Human Hurricanes.

My life is so full of physical limitations, but I still become that person where if you tell me I cant do it, I will. But sometimes when I find myself breathing harder, or losing consciousness (oops), I realize that maybe working my physical body is not my calling. While looking at someone who is physically appealing (those fabulous abs, and arms) it shows this discipline and strength that radiates off of them. But what about when you choose to constantly work on or workout your soul, and heart? Yea…what? A renovation, or working on your soul is probably one of the hardest things a person can do. To change themselves internally, to change everything they think they’ve ever known, or to work on something that is not tangible. It sounds insane, and most of the time you feel insane when you realize that maybe something things in this area will be, um, hard to reconsider. Understatement.

You see, for a long time I really didn’t care about people. I floated through high school on a very unhappy cloud (I have no regrets) and didn’t give two damns. I’ve always cared to an extent, but not once did I exercise a bit of patience with anyone or myself. Working with young children was a turning point in my life. I was working with tiny, and happy souls, some more than others, and they felt everything so deeply. They were brand new, empty of judgement, and they hadn’t reached this adult stage yet; they were not broken. I saw the humanity in their eyes as I felt their tiny arms wrap around my knees. Everyone was here at one point. We are still human, and despite how much we choose to cover it, we are so worth loving. Extending past my Pre-K and first grade experiences, and onto fifth grade, these tiny humans were hormonal devils. They were going to show you how insane, mouthy, experimental and defiant they pretended to be before they were ever funny, or told you how much they cared about you. Despite the fact they were leaving me for middle school, I still saw them as a version of my pre-k kiddo’s with a few bumps, and scrapes society left upon them. But the days they buried their faces into my shoulders crying, screamed my name down the hall because they were excited to see me, or felt the need to deliver me Valentine presents were worth the awful human hurricanes from time to time. But, I believe there is a hidden beauty in each person, and I so deeply want to find it, and teach them how to radiate it. Seriously though, it’s there in everyone.

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Overall, that job worked me internally. I might not have abs, but my heart has been strengthened more than I thought possible. I felt things beyond deeply, my stomach fell into itself sometimes, and you never knew when you had to step into an empty classroom to cry for a second after handling a situation that blindsided you. That job made me see the humanity in this society (sometimes the inhumanity as well) and showed me that every person is so worth loving. It taught me a lot about my disease, my life, and how much I choose to love others. People will often say, “I just don’t like that person” , “They are so difficult to deal with” and I find myself loving that person the most. Why? As I’ve heard many times “the people who need the most love will ask for it in the most unloving ways.” My response? Everyone is So Worth Loving.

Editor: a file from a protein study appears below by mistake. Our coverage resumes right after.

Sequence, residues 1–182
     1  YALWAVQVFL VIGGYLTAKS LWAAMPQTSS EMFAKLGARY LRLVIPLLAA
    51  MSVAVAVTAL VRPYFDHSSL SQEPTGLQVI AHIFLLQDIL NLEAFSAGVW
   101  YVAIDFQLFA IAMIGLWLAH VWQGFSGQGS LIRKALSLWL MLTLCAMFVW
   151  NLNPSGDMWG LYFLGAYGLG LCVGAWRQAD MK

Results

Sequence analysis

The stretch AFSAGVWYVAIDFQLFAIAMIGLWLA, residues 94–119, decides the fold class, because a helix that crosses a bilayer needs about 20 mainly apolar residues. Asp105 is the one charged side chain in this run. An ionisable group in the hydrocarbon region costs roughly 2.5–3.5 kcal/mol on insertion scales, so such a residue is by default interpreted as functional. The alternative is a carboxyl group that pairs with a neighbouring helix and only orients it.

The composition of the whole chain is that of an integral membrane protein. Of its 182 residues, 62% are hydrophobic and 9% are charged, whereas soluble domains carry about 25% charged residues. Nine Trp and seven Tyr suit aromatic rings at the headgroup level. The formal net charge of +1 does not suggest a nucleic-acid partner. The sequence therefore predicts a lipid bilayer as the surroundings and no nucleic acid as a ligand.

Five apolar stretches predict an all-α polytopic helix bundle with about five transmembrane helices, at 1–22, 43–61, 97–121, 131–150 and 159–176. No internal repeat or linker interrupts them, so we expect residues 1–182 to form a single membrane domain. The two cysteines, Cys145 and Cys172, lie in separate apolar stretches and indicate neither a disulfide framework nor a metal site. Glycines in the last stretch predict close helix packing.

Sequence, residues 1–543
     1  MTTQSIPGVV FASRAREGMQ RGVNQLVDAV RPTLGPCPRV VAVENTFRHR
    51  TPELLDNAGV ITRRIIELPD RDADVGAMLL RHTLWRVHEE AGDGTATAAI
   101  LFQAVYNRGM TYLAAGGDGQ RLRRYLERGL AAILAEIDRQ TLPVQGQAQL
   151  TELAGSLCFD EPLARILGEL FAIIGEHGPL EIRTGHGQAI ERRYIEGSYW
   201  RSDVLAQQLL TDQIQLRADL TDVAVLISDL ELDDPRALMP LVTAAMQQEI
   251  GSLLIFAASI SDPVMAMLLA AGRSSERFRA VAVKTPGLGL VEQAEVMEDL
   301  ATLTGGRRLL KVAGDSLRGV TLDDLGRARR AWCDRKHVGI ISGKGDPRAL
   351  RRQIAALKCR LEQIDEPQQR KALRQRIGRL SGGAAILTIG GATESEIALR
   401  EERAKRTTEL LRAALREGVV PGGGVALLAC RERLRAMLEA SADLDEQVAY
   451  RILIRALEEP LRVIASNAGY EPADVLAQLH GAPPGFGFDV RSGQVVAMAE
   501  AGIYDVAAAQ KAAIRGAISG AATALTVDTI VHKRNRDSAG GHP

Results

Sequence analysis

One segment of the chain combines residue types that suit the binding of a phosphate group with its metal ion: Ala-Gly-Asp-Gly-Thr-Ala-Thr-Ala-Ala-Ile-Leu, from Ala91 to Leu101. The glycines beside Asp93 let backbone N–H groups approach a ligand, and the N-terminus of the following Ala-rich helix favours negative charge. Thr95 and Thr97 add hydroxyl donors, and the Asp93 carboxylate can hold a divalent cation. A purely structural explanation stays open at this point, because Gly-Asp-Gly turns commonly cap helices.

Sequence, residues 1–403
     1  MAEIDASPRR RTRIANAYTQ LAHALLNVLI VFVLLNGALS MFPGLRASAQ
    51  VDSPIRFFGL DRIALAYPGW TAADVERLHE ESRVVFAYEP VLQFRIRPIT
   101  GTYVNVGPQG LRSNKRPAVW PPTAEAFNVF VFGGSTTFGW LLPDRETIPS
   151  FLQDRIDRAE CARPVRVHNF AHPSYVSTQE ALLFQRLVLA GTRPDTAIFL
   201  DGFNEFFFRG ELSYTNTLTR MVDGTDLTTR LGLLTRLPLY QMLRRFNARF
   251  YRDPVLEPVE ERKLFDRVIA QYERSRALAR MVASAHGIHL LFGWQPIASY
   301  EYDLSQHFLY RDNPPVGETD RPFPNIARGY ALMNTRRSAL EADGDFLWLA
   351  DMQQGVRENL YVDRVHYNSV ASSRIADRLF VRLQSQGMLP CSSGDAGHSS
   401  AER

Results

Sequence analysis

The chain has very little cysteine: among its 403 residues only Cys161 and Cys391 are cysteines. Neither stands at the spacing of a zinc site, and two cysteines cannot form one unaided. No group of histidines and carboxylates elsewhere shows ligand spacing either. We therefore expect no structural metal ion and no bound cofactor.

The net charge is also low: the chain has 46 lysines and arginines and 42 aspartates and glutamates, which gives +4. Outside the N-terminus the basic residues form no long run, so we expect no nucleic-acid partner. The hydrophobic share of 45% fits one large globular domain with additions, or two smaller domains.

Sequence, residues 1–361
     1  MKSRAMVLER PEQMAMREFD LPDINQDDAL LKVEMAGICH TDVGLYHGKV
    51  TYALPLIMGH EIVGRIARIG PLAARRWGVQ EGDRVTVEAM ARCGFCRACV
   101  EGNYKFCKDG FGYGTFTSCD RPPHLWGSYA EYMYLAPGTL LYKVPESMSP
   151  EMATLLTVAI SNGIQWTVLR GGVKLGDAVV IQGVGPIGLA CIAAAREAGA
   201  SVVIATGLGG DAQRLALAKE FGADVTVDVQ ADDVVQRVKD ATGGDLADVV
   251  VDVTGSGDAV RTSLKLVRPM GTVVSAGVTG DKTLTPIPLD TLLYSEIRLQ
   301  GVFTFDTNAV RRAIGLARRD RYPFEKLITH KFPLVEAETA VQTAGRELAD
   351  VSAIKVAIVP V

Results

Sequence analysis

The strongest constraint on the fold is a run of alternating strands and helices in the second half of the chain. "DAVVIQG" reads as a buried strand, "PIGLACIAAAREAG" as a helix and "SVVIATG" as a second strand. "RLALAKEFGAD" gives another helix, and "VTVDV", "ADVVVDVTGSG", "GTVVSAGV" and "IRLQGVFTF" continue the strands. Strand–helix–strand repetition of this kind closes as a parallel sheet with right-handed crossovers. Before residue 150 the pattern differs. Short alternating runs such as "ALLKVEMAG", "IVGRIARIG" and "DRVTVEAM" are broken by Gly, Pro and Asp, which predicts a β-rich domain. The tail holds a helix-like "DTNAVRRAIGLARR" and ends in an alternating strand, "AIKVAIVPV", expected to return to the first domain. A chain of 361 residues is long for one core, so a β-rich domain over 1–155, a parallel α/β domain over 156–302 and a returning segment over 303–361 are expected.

Check out the beautiful company that I am beyond a fan of, So Worth Loving, and their blog post about my story. I hope they show you the worth that exists in you, and other people.

Dedicated to all my wonderful students. Even though I was the teacher, believe it or not, you taught me too.

-haley.

Instagram @haleyann92

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One thought on “Human Hurricanes.

  1. Haley, once again you have taken words and more importantly emotions that I have tried to explain to others to no avail and put your own lovely spin on it. I think only teachers “get-it” when you get down to brass tacks about the power a child has to touch you and teach you, and make you strive to be a better person. You want to be what you are in their eyes. I’m not talking about just the top of the class. Sometimes it’s the child that needs you to put money in their lunch account so they aren’t embarrassed AGAIN by receiving the familiar no-money lunch and getting laughed at. I lived off PB&J so they could have a real, hot lunch and even “splurge” on an ice cream or cupcake. I loved every one of those sandwiches because I was feeding my soul and heart. I was teaching 5th and 6th grade when I was put on disability. I taught 12 years and have been out of the classroom 3 years this past August. I can’t even go to Walmart during back-to-school because I break down and cry and cry when I see all of the school supplies.

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